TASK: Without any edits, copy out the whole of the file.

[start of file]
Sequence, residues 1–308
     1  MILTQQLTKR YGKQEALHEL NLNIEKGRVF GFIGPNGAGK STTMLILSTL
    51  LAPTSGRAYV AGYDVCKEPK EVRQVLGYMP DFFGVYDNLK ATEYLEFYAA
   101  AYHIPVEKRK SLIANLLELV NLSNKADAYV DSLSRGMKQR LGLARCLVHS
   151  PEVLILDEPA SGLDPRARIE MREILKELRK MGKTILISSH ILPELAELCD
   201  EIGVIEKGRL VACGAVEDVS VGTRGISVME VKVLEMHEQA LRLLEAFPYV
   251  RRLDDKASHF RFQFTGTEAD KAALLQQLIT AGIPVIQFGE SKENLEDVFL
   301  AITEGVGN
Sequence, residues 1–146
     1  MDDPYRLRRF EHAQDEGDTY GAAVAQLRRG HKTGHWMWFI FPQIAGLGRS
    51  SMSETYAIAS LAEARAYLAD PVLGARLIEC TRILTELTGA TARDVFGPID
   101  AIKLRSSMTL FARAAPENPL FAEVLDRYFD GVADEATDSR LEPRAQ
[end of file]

Sequence, residues 1–308
     1  MILTQQLTKR YGKQEALHEL NLNIEKGRVF GFIGPNGAGK STTMLILSTL
    51  LAPTSGRAYV AGYDVCKEPK EVRQVLGYMP DFFGVYDNLK ATEYLEFYAA
   101  AYHIPVEKRK SLIANLLELV NLSNKADAYV DSLSRGMKQR LGLARCLVHS
   151  PEVLILDEPA SGLDPRARIE MREILKELRK MGKTILISSH ILPELAELCD
   201  EIGVIEKGRL VACGAVEDVS VGTRGISVME VKVLEMHEQA LRLLEAFPYV
   251  RRLDDKASHF RFQFTGTEAD KAALLQQLIT AGIPVIQFGE SKENLEDVFL
   301  AITEGVGN
Sequence, residues 1–146
     1  MDDPYRLRRF EHAQDEGDTY GAAVAQLRRG HKTGHWMWFI FPQIAGLGRS
    51  SMSETYAIAS LAEARAYLAD PVLGARLIEC TRILTELTGA TARDVFGPID
   101  AIKLRSSMTL FARAAPENPL FAEVLDRYFD GVADEATDSR LEPRAQ